“I used to think that God was the star on the floor Johnny Carson stood on,” says Bruce Feiler, author of Walking the Bible. Now, he says, “I don’t think of the Bible as a book. It’s a map. We’re all walking on some path and looking for something and putting together the journey we want to make.”
Feiler has made that journey recently with his new six-part PBS series, “Sacred Journeys with Bruce Feiler.” In one year, he went on six pilgrimages — to France, Japan, Saudi Arabia, Jerusalem, India, and Nigeria.
“On the TV show,” he says, “I’m in every scene. I’m going through an emotional and intellectual transformation.”
When he was first asked to do a series on pilgrimages, Feiler said no. “I wasn’t interested in doing a series of Wikipedia entries,” he says. But he was finally persuaded, and doing the pilgrimages has changed his life.
Feiler didn’t start out being a “religion person.” Walking the Bible was more or less accidental. He went sightseeing while visiting a friend in Jerusalem and found himself at the Dome of the Rock, the place where, in Jewish tradition, Abraham went to sacrifice Isaac. Feiler thought to himself, “What if I traveled along the path and read the Bible?”
He says that the project “allowed me to process the intensity of the experience. It was not a religious thing. I was not interested in faith. It was an emotional arc. I went looking for science and came out with meaning.”
Since then, Feiler has written a number of books, including Abraham and The Council of Dads. The latter came when he thought he was dying of leg cancer in 2008 and summoned a group of male friends to help bring up his children. “Suddenly, I was ‘the walking guy’ who never walk again,” he says. “Everybody thought I was going to die. I had chemo, crutches, a cane.”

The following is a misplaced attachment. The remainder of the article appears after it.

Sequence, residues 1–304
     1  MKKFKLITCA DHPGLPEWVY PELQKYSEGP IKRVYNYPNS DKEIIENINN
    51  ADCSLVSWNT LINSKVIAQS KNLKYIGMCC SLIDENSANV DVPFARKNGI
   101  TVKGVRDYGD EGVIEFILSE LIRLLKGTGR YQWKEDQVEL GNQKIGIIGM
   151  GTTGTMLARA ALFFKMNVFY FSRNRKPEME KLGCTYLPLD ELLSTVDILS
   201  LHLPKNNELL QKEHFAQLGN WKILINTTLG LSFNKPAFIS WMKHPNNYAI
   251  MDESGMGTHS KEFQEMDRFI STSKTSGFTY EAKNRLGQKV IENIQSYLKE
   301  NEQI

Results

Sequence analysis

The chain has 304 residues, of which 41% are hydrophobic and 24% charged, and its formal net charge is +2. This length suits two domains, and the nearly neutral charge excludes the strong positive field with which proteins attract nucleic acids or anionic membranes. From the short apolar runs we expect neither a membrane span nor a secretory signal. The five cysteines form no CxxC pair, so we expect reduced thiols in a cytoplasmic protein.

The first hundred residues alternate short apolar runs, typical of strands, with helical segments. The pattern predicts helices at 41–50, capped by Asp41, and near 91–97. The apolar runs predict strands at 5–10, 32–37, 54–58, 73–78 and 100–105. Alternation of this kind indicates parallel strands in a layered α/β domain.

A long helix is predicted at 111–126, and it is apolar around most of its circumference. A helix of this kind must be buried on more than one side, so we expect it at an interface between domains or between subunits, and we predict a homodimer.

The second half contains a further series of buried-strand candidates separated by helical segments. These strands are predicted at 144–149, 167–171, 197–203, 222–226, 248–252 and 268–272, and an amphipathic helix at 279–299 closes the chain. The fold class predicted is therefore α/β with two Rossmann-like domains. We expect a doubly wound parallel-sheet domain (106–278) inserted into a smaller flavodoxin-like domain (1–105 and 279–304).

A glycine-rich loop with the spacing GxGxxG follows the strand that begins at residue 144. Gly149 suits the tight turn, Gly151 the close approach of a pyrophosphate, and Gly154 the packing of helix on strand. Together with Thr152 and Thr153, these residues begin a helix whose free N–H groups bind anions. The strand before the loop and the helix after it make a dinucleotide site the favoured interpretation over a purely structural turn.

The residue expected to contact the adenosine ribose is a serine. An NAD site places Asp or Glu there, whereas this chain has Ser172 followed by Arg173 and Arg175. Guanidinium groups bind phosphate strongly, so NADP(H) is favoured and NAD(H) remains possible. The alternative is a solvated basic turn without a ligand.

Feiler is a fifth-generation Jew from Savannah, Georgia. He is, he says, classic Reform Jewish. His wife is Jewish, he sends his kids to Hebrew School, but “much of my professional life is trying to live in different worlds.” He says he is constantly trying to bridge differences.
Feiler says that there is a lot of energy around religion today, from ISIS to the Pope. He thinks that organized religion is threatened, but pilgrimages are more popular. He says people are moving from institutions to home, from religious bodies to individual beliefs. “The traditional wall separating religions are crumbling,” says Feiler. “Soon it will be people who care about these religions and people who don’t.
“It’s empowering,” he says. “Each of us gets to decide for ourselves what we believe. The pilgrimages are pathways to go at these questions.”
Feiler has difficulty answering the question of whether he believes in God. “Growing up, that was not the locus of what mattered. I was not God-fearing. I was more connected to the story, the people, the family aspect. It was not about quaking under the covers, having conversations with God. I never had long, intimate conversations with a personal God.”
He says that when he was sick, he prayed for his children, “but I didn’t pray to God to heal me. I didn’t believe God was going to cure me. I had powerful emotional, spiritual, maybe even godly moments — but not like we read in the Bible. Not like God speaking to someone or coming to them in a dream. That’s not the way I experienced it. I wasn’t looking for that.
“God is the agent for connecting to the unseen, the possible, the horrible, the universal and the eternal,” he says. “I’m deeply committed to touching the unseen.” He is also committed, he says, “to keeping religion alive, but all of us have to do it privately.”
In person, Feiler is irrepressible. He is full of energy, excitement, and hope in a way that you would expect from someone who cheated death. He is tall, slim, and walks perfectly well — you’d have no idea that he ever had leg cancer.
Feiler says he was 43 when he was diagnosed. He had written 10 books. “No one said I hadn’t lived my life,” he says. His “council of dads” project helped him chronicle his illness. At the end, he went back to the surgeon who had saved his life and his leg. Feiler asked him what he would have said to his daughters if they ever came to see the surgeon after Feiler died. His doctor said he would tell them that everybody dies, but not everybody lives. Feiler told his daughters, “I want you to live.”
For Feiler, the most important thing is “to try to find out what it means to be alive.” He adds, “I don’t think you can answer that question without going on a pilgrimage.”